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That covers all the main genres of adventure stories.

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Growing up with the X-Men

“Da na na na NA NA!”

That’s supposed to be the X-Men Animated Series theme song. Remember that? If you’re a member of my generation, should be a fond memory…

Fox X-Men Animated Series 1992 to 1997

Can’t you just hear the theme song?

 

Little did my early childhood self know, but there was a lot more to X-Men than that 90s Zeitgeist.

As detailed in my last post: My History of Comics, once upon a time in my adolescence I was given the awesome gift of about a hundred 1980s X-Men comics (as well as New Mutants and X-Factor spinoffs, more on that in a moment). Written by Chris Claremont, this was the crème de la crème of the superhero genre. It changed my reading habits — and hence, my life — forever.

Although these comics posts are mean to be about my experience, I will delve into the greater history of comics for a bit. In Marvel Comic’s “Silver Age” era in the 1960s, Stan Lee and Jack Kirby, that is, probably just Jack Kirby, created the X-Men. Cyclops, Angel, Best, Iceman, and Marvel Girl/Jean Grey. It was actually more of a failure compared to Fantastic Four and the Avengers at that time. Yet, in the late 1970s came the All New All Different X-Men and American superhero comics suddenly matured.

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Dave Cockrum?

 

With an international cast, featuring the Canadian Wolverine and the African Storm as well as many others, it brought much-needed diversity to the superhero genre. In particular were the many strong, female characters. (Funny though it is that the X-Men were so feminist.)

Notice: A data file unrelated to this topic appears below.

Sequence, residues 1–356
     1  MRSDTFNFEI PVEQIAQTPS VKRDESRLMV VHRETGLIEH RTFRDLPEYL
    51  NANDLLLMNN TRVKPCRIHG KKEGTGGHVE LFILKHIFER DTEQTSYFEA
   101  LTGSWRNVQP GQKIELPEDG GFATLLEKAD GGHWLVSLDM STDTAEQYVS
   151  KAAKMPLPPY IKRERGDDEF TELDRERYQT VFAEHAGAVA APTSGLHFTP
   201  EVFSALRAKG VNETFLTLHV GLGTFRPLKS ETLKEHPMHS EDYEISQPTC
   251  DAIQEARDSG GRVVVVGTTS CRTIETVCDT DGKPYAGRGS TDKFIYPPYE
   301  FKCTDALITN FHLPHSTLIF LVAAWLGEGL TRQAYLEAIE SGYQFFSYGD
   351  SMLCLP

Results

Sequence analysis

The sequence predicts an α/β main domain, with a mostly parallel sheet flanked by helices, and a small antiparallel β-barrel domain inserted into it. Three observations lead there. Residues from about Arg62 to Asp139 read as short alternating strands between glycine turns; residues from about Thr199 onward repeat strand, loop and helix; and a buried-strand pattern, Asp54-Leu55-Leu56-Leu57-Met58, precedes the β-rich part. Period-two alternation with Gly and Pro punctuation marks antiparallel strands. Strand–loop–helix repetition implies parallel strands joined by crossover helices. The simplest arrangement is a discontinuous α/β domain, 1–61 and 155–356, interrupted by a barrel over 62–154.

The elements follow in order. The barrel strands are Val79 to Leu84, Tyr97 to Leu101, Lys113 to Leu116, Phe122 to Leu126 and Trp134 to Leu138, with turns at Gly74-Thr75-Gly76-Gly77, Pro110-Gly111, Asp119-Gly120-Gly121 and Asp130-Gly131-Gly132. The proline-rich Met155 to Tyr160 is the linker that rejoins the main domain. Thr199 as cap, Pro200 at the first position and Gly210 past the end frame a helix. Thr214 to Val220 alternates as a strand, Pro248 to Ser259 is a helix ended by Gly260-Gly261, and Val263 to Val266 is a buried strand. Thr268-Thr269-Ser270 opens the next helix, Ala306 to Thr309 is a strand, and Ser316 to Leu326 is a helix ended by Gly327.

It still pisses me off that the movies don’t get that. I’ll be complaining about the movies a lot in this post.

By the 1980s, the Uncanny X-Men were the best of the best. While Marvel was publishing a lot of cherished works, scribe Chris Claremont was building an amazing mythology unequaled with anything else out there. He took the metaphor of mutants-as-oppressed-minority and went with it unseen depths. He wrote with equal ease in outer space settings, as the alien Shi’ar Empire fought the Phoenix and the Brood. He wrote about magical concepts, with Colossus’s sister Illyana the ruler of the mystical demonic realm of Limbo. He was on fire, and he stuck with the characters on fire for 16 years from 1975 to 1991. Although, yes, if you wanna critique we was and is a very wordy writer.